NASSAU, Bahamas — For two years he stayed a step ahead of the law — stealing cars, powerboats and even airplanes, police say, while building a reputation as a 21st century folk hero. On Sunday, Colton Harris-Moore's celebrity became his downfall.
Witnesses on the Bahamian island of Eleuthera recognized the 19-year-old dubbed the "Barefoot Bandit" and called police, who captured him after a high-speed boat chase, Bahamas police Commissioner Ellison Greenslade said.
Greenslade said shots were fired during the water chase but he did not say by whom.
Police flew Harris-Moore in shackles to Nassau. True to his nickname, the teen with close-shorn hair was shoeless as he walked off the plane.
Harris-Moore is blamed for several thefts in the Bahamas in the week since allegedly crash-landing a stolen plane there, and Bahamian authorities said he will be prosecuted there before any U.S. extradition proceedings.
The 6-foot-5 Harris-Moore had been on the run since escaping from a Washington state halfway house in 2008. He is accused of breaking into dozens of homes and committing burglaries in Washington, British Columbia and Idaho.
He is also suspected of stealing at least five planes — including the aircraft he lifted in Indiana and flew more than 1,000 miles to the Bahamas, despite a lack of formal flight training.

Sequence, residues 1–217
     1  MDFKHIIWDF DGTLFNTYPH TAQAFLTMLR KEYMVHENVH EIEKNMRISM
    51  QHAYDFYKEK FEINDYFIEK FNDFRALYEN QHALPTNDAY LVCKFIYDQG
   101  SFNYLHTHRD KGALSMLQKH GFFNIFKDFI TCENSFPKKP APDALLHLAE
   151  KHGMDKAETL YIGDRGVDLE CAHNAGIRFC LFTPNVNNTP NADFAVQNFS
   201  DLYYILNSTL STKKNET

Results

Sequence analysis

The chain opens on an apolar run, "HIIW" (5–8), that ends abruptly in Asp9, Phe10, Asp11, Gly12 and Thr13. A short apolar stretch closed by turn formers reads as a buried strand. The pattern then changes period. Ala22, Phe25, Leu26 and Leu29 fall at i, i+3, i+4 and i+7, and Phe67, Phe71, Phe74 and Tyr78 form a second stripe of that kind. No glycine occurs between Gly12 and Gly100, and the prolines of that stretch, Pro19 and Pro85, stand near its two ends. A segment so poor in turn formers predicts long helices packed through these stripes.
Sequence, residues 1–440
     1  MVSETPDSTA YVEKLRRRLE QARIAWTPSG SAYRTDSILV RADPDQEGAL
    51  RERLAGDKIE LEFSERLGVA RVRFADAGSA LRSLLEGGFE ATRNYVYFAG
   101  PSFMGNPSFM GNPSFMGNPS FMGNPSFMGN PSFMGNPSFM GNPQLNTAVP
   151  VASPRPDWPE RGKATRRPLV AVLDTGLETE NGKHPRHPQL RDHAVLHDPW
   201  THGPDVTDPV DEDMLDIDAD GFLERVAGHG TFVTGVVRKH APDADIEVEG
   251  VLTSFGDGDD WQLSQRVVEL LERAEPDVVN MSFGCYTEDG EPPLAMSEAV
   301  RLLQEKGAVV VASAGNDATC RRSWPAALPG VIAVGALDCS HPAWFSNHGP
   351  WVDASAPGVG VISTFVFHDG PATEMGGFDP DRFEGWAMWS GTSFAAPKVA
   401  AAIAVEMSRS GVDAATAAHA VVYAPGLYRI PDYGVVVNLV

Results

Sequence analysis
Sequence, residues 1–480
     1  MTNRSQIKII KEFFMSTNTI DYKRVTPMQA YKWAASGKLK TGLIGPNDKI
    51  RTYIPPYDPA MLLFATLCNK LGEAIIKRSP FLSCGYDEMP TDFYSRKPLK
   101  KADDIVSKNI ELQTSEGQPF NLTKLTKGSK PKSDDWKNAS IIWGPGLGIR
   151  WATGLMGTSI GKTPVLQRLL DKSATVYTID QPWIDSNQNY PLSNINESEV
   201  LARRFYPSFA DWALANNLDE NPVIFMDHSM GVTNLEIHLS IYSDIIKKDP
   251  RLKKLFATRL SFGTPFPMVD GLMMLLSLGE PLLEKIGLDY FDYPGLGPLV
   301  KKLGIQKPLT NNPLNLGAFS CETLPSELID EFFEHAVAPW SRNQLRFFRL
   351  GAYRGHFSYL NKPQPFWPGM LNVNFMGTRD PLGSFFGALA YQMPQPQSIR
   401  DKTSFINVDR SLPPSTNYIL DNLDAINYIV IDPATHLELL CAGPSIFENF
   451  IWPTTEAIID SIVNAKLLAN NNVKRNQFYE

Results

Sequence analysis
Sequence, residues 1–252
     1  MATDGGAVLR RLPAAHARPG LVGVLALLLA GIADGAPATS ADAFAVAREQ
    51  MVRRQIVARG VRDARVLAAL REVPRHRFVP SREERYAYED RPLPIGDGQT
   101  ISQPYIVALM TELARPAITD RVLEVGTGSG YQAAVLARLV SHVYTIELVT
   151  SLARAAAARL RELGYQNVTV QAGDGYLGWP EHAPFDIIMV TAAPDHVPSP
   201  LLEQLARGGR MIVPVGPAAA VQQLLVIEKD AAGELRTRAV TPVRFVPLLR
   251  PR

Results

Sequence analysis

Some of his actions appeared intended to taunt police: In February, someone broke into a grocery store in Washington's San Juan Islands and drew cartoonish, chalk-outline feet on the floor.
Through it all, his ranks of supporters grew. Some of his more than 60,000 Facebook fans posted disappointed messages Sunday, while others promoted T-shirts and tote bags with the words "Free Colton!" and "Let Colton Fly!"
"I feel like it would have been good if he got away because he never hurt anybody, but then he was running from the law," said Ruthie Key, a store owner in Great Abaco Island who let Harris-Moore use her wireless Internet connection July 5.
"He seemed very innocent when I spoke with him at the store. I don't think he'd hurt anybody," Key said.
Harris-Moore is a skilled outdoorsman who honed his abilities growing up in the woods of Camano Island in Puget Sound, north of Seattle.
Harris-Moore's mother, Pam Kohler, has said that he had a troubled childhood. His first conviction, for possession of stolen property, came at age 12. Within a few months of turning 13, he had three more.